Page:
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creatine and depression, creatine for depression, creatine benefits for mental health, creatine benefits for depression

Creatine and Depression: Helpful or Harmful?

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Creatine is one of the most popular supplements available. It’s primarily used to help people during high-intensity weightlifting and exercise, but in reality, it has a lot of other benefits, including potential benefits for mental health. Below we talk more about creatine and depression, and also other effects creatine might have on mental health.

What is Creatine?

Creatine is a supplement that can improve strength, exercise performance, and muscle mass. Creatine is one of the most widely tested supplements in the world, with an excellent safety profile.

Creatine is also found in muscle cells naturally. It’s a substance that helps muscles produce energy during high-intensity workouts or heavy lifting, making it popular among bodybuilders and athletes.

Creatine has similarities to amino acids, and your body can produce it naturally using arginine and glycine, which are amino acids.

Around half of the creatine in your body will come from the food you eat—primarily seafood and red meat. Amino acids make the rest of the creatine your body stores in your kidneys and liver.

Around 95% of your creatine is stored in your muscles as phosphocreatine, and the other 5% is in the brain and testes. If you supplement, you’re increasing your phosphocreatine stores, a type of stored cellular energy.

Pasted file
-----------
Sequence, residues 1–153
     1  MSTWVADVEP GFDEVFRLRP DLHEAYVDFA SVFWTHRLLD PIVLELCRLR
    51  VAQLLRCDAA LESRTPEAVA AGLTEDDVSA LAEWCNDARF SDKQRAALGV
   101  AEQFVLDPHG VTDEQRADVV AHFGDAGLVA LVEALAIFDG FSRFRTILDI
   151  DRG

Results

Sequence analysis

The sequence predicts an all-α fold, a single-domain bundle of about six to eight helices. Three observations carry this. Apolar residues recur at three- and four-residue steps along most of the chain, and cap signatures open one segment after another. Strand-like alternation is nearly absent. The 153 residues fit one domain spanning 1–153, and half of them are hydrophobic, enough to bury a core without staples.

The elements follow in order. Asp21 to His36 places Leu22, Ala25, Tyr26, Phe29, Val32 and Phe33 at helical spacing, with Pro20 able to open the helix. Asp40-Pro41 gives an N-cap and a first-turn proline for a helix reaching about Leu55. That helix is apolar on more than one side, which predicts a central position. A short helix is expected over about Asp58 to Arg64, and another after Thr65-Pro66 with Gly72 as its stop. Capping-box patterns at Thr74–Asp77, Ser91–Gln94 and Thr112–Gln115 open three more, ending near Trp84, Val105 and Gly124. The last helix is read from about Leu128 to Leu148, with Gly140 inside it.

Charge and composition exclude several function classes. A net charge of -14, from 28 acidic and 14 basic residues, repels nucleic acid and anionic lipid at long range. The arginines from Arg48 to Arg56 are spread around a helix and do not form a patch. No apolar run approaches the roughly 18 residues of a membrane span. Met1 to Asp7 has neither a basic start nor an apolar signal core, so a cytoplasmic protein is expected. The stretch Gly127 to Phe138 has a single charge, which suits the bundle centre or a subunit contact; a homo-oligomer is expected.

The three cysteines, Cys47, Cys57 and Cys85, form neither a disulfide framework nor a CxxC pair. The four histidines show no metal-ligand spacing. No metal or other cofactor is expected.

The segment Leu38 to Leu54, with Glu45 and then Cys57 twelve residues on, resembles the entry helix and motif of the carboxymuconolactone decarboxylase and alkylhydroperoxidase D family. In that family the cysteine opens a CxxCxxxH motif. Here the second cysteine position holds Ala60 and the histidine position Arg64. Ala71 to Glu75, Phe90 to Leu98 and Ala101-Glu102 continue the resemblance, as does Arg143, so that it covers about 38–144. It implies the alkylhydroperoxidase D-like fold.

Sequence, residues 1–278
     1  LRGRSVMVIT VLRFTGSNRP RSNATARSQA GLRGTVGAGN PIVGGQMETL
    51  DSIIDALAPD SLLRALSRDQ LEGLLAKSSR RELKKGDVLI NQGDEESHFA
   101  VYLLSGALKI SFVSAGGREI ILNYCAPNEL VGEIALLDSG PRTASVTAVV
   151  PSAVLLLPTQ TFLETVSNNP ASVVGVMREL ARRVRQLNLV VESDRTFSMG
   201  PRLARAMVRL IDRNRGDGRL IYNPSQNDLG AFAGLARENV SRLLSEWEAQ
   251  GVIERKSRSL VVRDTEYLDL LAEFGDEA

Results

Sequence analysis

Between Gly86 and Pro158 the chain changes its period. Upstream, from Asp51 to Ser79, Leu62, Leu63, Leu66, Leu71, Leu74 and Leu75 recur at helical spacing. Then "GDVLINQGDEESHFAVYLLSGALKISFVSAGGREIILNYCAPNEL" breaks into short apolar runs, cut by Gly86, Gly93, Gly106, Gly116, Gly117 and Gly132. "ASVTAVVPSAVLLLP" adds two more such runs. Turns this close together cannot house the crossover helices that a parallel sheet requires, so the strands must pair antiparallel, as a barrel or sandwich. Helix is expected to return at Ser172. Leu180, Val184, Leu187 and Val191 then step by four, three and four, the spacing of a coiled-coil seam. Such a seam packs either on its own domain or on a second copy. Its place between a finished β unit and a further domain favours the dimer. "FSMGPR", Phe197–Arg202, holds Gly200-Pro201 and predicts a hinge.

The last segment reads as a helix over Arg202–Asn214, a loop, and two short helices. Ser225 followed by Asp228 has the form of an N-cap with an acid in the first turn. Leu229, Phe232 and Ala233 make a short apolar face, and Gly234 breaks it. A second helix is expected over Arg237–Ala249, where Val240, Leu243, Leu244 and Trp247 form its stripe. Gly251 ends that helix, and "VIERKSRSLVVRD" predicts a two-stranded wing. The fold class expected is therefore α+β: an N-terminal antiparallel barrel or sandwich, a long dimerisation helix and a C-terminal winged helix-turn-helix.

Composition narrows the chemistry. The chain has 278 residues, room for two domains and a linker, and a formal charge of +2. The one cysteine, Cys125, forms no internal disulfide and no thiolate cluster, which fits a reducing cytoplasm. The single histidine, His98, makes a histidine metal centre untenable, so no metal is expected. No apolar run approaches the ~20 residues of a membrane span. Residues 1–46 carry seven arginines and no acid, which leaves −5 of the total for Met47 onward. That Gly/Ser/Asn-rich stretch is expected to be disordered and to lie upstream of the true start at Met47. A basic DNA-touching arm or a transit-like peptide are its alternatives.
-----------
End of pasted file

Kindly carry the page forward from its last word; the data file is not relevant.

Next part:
The stored energy helps your body produce ATP, which provides energy to your body.

How Creatine Works

Some of the ways that creatine works to help you gain muscle and improve your athletic performance include:

  • Taking creatine helps boost your workload, meaning you can do more work or volume in a training session.
  • Supplementing with creatine improves cell signaling, which helps with muscle repair and growth.
  • Studies indicate when you take creatine, it can raise your anabolic hormones.
  • Creatine lifts the water content of the cells of your muscles, improving the cellular volume and promoting muscle growth.
  • With a creatine supplement, you might experience more muscle mass because it reduces protein and muscle breakdown.

Creatine and the Brain

Substantial scientific research shows that creatine benefits brain health and function. It’s a lot more than simply a workout supplement.

Creatine is synthesized in the brain and nervous system. Reviews support the potential for supplementing with creatine to keep your cognitive processing and brain healthy because it increases brain ATP.

In a review published in the journal Nutrients, a positive impact was found between supplementation with creatine monohydrate and neurological and mental health conditions. Researchers widely recognize that ATP and creatine maintain homeostasis of the central nervous system.